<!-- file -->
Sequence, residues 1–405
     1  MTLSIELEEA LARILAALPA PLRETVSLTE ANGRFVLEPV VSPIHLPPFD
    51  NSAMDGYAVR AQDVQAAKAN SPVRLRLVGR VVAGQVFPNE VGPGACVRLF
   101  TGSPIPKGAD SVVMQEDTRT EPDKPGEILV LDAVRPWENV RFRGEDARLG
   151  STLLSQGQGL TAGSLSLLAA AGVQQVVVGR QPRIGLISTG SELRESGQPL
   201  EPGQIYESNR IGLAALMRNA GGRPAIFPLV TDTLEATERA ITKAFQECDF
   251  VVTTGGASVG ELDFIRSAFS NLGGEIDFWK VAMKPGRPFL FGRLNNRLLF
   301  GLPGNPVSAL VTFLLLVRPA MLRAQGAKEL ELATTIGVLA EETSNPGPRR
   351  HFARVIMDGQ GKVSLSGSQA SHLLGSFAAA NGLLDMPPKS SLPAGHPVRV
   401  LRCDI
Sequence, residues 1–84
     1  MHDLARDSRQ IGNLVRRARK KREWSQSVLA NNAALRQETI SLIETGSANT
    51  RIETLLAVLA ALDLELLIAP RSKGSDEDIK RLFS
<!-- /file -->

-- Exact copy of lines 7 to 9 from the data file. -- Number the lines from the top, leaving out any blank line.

   251  VVTTGGASVG ELDFIRSAFS NLGGEIDFWK VAMKPGRPFL FGRLNNRLLF
   301  GLPGNPVSAL VTFLLLVRPA MLRAQGAKEL ELATTIGVLA EETSNPGPRR
   351  HFARVIMDGQ GKVSLSGSQA SHLLGSFAAA NGLLDMPPKS SLPAGHPVRV